Compulsory licensing in India and the ‘big pharma’ debate

By Neha Mittal & Divya Srinivasan, LexOrbis

A patent enshrines not only a bundle of rights given to an innovator or inventor, but also provides them with a timeframe for monopoly as given under the Agreement on Trade Related Aspects of Intellectual Property Rights (TRIPS) regime.

TRIPS also provides for the concept of “compulsory licensing”, the mechanistic formula in order to check the abuse of patent rights, especially by pharmaceutical giants, which flows from the rigidity of a country’s patent system.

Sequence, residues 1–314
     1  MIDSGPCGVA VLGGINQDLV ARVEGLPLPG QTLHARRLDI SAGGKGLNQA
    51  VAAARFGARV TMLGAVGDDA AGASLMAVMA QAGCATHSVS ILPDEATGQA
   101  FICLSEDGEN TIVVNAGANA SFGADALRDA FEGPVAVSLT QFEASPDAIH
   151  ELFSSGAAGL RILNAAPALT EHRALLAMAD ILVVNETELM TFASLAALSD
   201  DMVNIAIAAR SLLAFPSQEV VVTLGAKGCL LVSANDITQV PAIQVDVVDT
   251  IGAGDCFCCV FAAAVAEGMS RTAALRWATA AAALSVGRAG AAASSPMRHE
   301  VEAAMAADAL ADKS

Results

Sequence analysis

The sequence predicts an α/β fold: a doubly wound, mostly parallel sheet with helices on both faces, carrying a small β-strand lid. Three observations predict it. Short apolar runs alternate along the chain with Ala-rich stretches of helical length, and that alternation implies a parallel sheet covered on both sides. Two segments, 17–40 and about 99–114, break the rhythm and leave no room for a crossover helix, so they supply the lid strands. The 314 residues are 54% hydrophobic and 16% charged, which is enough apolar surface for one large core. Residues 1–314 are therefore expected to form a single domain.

The following is a brief overview of compulsory licensing as practised in India.

Neha Mittal LexOrbis律师事务所 首席律师 Principal Associate LexOrbis
Neha Mittal
Principal Associate

Licence: the last resort

A compulsory licence (CL) is a statutory licence provided by the government by way of which a generic company is allowed to manufacture and sell a generic version of the patented drug at a cheaper price. The sale of this generic drug is generally a move opposed by the patentee.

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Neha Mittal is a principal associate and Divya Srinivasan is an associate of LexOrbis


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